Thursday, September 4, 2014

Remarkable Lake County -- Civil War 150th Redux

The Civil War remains a signature moment in our country's history.  Passions still burn on both sides and the years have yet to temper the many moments that individually or collectively span that era in our history.  As the 150th anniversary of the Civil War begins to wind down, many programs specific to this celebration are coming to an end.  Ohio has had a long and well documented chapter in this story of America.  And it is therefore no surprise then that this story reaches into Lake County history.  The Civil War had many deep seeded causes but one of its best known chapters but least examined is that of the Underground Railroad and Ohio.  Ohio (1803) and Lake County (1840) were in the forefront of this piece of Civil War history.  In 1793 our neighbor to the north Canada outlawed slavery.  By the year 1860 it has been reported that nearly 30-40,000 slaves emigrated and nearly 40% of all slaves passed thru Ohio.  The Fugitive Slave Law of 1850 only inflamed the hotbed that was Ohio for the previous 40 years.  Ben was the first fugitive slave saved in 1806 in Cleveland by Lorenzo Carter.  Samuel Butler, lighthouse keeper and Phineas Root of Fairport Harbor were known Lake County abolitionists.  Eber Howe, noted Painesville newspaper founder was another abolitionist.  James A. Paine, Seth Marshall, Uri Seeley and Hawley Drake stood tall in this pre-Civil War county history.  The Clarke brothers incident in Madison is yet another tale to be shared.  The Riders Inn, Unionville Tavern, Dock Road and the Fairport Harbor Lighthouse all had moments in this era.  It is widely agreed upon that no 'slave' was caught or detained in our county.

What is known in this era is that four principal routes led fugitive slaves toward Lake County.  It was a path that wound 17 miles NW from Akron, Cuyahoga Falls, Akron heading another 16 miles towards Chagrin Falls, followed by 20 more miles NE to Chardon and then 13 more miles into Painesville / Fairport Harbor.  Was the Underground Railroad directly responsible for this path towards freedom?  Was it more the fugitive slaves guiding their own destiny on this trek thru Ohio?  Herein reaffirms the premise that the UGRR is one of the best known stories from the Civil War Era but also the least examined.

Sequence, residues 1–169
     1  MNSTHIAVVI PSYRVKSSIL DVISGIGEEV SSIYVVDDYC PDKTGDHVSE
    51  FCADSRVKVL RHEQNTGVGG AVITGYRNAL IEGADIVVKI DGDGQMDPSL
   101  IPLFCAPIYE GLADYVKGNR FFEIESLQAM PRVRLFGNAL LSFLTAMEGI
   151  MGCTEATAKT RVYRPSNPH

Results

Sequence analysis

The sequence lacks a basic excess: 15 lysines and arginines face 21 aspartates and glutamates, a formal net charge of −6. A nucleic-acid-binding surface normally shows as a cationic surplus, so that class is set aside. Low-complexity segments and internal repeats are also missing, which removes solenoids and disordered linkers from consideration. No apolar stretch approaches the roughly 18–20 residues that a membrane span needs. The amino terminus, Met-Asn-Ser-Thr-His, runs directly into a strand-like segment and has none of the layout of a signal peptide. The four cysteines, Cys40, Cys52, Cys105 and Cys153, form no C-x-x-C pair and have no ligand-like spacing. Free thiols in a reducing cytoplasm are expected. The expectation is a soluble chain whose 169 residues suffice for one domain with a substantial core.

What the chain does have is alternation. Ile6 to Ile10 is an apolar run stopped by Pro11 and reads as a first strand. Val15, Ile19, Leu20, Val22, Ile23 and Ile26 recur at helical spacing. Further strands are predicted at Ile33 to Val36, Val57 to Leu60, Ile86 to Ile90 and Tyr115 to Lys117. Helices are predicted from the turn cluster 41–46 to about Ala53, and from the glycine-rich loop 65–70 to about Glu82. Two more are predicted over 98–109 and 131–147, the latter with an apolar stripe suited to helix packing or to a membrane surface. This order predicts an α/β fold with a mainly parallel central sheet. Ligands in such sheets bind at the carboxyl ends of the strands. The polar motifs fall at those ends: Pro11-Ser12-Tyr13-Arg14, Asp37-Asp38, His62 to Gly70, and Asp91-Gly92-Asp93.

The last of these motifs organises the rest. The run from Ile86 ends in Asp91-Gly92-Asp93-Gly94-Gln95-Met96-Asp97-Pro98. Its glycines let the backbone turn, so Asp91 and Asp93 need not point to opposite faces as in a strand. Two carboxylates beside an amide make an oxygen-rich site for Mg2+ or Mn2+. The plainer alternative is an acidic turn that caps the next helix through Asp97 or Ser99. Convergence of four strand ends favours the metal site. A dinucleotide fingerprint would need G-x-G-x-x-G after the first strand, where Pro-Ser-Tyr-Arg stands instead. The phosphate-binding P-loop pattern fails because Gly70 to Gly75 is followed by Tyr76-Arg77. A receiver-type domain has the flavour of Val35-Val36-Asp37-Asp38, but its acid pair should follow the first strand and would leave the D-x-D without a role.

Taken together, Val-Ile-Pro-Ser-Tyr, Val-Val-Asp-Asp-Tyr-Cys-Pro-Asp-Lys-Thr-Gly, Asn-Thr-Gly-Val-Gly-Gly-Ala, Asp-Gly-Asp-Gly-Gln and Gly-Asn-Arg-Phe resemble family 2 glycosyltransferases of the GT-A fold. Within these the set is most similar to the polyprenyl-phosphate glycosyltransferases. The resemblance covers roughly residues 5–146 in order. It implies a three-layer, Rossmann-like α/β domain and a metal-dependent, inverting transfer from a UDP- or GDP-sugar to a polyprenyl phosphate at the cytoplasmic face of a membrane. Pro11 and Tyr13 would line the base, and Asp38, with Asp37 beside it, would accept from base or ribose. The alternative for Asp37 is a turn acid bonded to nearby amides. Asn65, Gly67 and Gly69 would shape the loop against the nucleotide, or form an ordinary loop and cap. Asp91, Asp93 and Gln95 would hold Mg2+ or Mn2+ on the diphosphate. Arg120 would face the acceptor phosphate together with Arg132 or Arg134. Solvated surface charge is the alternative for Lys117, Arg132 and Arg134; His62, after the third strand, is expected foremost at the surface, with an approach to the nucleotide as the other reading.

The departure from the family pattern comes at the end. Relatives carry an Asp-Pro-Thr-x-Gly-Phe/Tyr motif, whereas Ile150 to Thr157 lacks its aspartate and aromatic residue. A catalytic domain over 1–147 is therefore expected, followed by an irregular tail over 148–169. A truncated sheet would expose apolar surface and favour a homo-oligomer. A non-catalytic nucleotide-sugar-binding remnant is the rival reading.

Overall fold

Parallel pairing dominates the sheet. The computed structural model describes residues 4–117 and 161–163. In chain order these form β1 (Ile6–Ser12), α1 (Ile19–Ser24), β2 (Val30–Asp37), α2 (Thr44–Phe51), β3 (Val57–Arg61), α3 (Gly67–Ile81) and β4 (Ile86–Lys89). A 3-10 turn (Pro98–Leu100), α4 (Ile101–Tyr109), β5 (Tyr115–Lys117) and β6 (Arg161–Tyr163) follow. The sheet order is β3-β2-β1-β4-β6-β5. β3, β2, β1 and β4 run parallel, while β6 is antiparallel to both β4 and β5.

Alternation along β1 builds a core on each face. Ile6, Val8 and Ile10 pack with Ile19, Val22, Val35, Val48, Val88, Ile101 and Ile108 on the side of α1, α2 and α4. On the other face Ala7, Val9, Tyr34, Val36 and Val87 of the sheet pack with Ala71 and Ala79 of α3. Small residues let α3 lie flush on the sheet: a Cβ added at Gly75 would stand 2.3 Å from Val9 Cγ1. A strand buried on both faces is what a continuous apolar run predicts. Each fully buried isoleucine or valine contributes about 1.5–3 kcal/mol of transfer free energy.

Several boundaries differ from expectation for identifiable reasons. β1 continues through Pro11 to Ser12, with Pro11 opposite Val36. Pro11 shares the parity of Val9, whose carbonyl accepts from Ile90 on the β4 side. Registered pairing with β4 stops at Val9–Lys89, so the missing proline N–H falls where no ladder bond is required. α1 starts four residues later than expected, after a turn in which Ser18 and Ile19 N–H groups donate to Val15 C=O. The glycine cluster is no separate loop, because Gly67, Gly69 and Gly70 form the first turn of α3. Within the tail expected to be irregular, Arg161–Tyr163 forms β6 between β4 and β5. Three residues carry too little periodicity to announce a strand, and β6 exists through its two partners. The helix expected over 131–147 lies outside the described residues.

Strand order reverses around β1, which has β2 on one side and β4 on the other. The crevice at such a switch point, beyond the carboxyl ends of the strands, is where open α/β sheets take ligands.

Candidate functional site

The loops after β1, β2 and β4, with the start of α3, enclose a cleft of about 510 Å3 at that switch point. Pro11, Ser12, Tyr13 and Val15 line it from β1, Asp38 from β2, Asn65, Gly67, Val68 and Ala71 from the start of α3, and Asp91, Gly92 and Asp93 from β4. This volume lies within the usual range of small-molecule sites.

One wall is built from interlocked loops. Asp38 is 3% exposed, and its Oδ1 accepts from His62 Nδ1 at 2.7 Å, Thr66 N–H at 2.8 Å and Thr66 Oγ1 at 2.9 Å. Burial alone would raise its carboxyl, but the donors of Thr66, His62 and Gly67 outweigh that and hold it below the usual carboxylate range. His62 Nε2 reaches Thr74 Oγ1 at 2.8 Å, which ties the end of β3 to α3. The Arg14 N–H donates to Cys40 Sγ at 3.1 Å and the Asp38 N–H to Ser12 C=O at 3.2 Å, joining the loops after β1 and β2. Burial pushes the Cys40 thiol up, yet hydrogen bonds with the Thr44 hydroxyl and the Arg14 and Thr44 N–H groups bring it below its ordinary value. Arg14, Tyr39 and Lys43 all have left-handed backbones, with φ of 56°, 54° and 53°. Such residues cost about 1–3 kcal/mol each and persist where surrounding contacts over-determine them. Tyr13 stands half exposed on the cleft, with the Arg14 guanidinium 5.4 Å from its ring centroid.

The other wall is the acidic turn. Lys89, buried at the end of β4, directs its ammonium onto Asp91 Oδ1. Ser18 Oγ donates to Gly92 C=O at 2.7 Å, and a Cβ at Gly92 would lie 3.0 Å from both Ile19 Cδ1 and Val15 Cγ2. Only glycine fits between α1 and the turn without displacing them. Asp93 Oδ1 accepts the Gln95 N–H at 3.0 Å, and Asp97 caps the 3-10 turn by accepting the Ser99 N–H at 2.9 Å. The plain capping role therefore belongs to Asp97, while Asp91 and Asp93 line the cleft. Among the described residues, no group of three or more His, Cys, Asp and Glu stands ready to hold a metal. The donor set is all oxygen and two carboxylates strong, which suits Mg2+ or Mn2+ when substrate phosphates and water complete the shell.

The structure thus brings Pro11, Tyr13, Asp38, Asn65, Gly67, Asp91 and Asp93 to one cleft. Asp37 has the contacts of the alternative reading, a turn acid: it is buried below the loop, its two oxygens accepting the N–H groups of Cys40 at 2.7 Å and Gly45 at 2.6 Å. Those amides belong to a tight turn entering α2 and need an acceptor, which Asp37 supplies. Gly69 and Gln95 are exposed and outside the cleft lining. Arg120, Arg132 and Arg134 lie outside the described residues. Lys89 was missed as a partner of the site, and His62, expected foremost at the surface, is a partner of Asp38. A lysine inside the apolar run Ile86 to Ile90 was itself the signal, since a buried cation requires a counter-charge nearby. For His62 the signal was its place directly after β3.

A Lake Metroparks program offers a brief glimpse into this journey with a lantern tour hike at Liberty Creek later this month.  However one can navigate their own Liberty Line Legend UGRR tour by following the route below.  It spans Concord, Painesville, Painesville Twp and Fairport Harbor in Lake County and is an easy one tank trip.
  • Begin at Big Creek at Liberty Hollow 
  • Uri Seeley House, 969 Riverside Drive
  • Moodey House, 208 S. State St & 172 E. 5th St.
  • Judge Hitchcock site, 254 S. State St.
  • House Home, 311 S. State St.-Bank & State St.
  • Seth Marshall Home, 375 Bank St.
  • Mathews House, campus of Lake Erie College
  • Eber Howe's other home, corner of N. State & Jackson St.
  • Morley House, 231 N. State St.
  • Sidley House, 463 Casement
  • First Church Congregational, 22 Liberty St.
  • Fairport Harbor Lighthouse, 129 Second St.  (museum open seasonally)

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